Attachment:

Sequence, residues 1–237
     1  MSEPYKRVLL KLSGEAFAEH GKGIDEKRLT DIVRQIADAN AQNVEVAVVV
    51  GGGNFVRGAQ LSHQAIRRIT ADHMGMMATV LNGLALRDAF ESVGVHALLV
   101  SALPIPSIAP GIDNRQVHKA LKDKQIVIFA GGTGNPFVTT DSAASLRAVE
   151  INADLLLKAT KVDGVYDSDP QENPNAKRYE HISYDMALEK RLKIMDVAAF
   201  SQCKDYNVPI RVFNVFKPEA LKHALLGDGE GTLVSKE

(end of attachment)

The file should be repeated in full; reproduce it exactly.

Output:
Sequence, residues 1–237
     1  MSEPYKRVLL KLSGEAFAEH GKGIDEKRLT DIVRQIADAN AQNVEVAVVV
    51  GGGNFVRGAQ LSHQAIRRIT ADHMGMMATV LNGLALRDAF ESVGVHALLV
   101  SALPIPSIAP GIDNRQVHKA LKDKQIVIFA GGTGNPFVTT DSAASLRAVE
   151  INADLLLKAT KVDGVYDSDP QENPNAKRYE HISYDMALEK RLKIMDVAAF
   201  SQCKDYNVPI RVFNVFKPEA LKHALLGDGE GTLVSKE